One Belt, One Road, One Happy Chinese Navy

Beijing is using commercial bridgeheads to give its warships staying power in the Indian Ocean.

The Changbai Shan, a Chinese amphibious warfare ship that’s taken advantage of commercial ports for resupply, Jan. 26, 2015. (Wikimedia Commons)
The Changbai Shan, a Chinese amphibious warfare ship that’s taken advantage of commercial ports for resupply, Jan. 26, 2015. (Wikimedia Commons)

Chinese leaders tout their trillion-dollar Belt and Road project, especially in the Indian Ocean, as a win-win commercial proposition meant to bring modern infrastructure and prosperity to an underdeveloped part of the world.

In reality, Beijing’s acquisition of more than a dozen ports across the Indian Ocean is a state-directed effort to bolster Chinese political influence and extend its military reach from Indonesia to East Africa, according to a detailed new study released Tuesday.

The report, conducted by C4ADS, an American data-driven research nonprofit, examined 15 Chinese port deals across the Indian Ocean region. It concluded that, contrary to Beijing’s public rhetoric, the economics of the deals are questionable, political control is nearly absolute, and one of the main drivers is to give the Chinese navy the possibility of far-reaching logistical support under the cover of seemingly innocuous commercial operations.

Interactive created by C4ADS

“The trends across the ports we looked at seem to indicate that China is not upholding a ‘win-win’ idea, but is pursuing an ulterior motive,” says Devin Thorne, one of the report’s co-authors.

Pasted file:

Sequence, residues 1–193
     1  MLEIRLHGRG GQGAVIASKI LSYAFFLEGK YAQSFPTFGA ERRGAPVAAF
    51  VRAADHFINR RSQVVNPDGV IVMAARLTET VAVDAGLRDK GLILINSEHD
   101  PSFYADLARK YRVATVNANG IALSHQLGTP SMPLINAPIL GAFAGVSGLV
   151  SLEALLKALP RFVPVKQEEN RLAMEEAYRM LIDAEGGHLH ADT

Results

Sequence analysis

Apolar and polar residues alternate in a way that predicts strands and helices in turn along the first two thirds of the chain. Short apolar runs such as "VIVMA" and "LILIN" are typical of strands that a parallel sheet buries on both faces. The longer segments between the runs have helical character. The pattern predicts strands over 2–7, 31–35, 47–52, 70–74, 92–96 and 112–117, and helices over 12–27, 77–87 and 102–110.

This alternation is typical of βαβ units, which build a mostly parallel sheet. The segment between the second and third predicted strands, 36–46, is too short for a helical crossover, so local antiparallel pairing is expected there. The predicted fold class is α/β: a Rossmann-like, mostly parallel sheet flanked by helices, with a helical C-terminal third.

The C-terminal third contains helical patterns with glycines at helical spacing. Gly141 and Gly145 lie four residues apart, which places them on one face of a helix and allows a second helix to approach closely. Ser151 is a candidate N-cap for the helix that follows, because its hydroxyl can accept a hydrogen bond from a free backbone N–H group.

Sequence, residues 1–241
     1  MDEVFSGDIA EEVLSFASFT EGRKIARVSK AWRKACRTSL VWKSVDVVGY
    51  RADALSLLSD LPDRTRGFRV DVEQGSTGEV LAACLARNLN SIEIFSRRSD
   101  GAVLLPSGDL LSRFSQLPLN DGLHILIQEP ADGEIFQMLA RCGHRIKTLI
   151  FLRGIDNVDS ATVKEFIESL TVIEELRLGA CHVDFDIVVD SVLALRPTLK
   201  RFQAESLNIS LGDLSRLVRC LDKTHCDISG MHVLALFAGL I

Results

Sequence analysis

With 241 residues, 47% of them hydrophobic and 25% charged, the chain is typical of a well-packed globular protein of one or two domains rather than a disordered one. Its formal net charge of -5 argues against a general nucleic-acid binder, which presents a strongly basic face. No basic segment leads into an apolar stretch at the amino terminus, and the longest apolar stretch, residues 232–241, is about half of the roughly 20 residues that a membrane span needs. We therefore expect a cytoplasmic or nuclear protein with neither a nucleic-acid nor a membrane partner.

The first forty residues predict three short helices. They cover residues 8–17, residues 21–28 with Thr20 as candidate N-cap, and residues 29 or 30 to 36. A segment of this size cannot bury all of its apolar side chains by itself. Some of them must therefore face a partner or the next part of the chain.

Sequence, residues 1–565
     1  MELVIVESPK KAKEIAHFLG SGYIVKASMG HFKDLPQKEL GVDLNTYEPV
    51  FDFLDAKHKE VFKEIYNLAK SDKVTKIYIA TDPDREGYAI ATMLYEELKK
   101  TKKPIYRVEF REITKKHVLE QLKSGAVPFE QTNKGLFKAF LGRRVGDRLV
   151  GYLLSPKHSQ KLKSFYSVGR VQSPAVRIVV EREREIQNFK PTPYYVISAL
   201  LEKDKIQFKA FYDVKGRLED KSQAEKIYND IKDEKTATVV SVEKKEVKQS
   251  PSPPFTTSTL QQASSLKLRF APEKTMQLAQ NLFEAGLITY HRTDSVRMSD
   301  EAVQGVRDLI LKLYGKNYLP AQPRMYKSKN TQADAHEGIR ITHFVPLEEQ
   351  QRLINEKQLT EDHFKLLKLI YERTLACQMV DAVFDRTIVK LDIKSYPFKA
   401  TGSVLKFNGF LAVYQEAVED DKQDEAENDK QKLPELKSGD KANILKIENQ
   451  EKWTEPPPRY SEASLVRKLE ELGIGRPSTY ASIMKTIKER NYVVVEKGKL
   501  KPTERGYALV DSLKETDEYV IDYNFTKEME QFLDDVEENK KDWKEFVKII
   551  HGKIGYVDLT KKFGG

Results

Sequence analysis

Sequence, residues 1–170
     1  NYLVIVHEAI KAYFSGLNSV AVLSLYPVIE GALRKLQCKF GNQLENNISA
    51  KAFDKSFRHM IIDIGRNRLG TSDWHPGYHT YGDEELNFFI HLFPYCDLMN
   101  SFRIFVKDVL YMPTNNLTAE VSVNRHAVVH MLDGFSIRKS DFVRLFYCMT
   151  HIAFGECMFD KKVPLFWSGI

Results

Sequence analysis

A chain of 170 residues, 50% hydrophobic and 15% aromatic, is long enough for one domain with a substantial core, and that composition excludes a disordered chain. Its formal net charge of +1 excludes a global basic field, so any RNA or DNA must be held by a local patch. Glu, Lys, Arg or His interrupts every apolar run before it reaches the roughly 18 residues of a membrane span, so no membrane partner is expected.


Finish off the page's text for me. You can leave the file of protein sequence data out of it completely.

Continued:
The accumulation of similar projects from Cambodia to Pakistan reinforces concerns that Beijing is using business bridgeheads for political and military purposes. “It’s more a layering of one deal after another — one by itself is not nefarious, but taken all together…” says Ben Spevack, another co-author.

Most important, what a few years ago appeared a distant fear now seems to be coming to pass. The Chinese government is using state-owned companies and politically linked private firms to create a network of facilities designed to provide logistical support to Chinese warships patrolling the Indian Ocean, the report says, citing a Chinese analyst who lays out a “first civilian, later military” approach to port development across the region.

Chinese warships are already taking advantage of the dual-use possibilities of commercial ports, bolstered by laws that oblige Chinese transportation firms working overseas to provide replenishment for navy vessels. In 2016 in Thailand, the dock landing ship Changbai Shan relied on a Chinese company operating there to get “one-stop” replenishment services, the C4ADS report notes.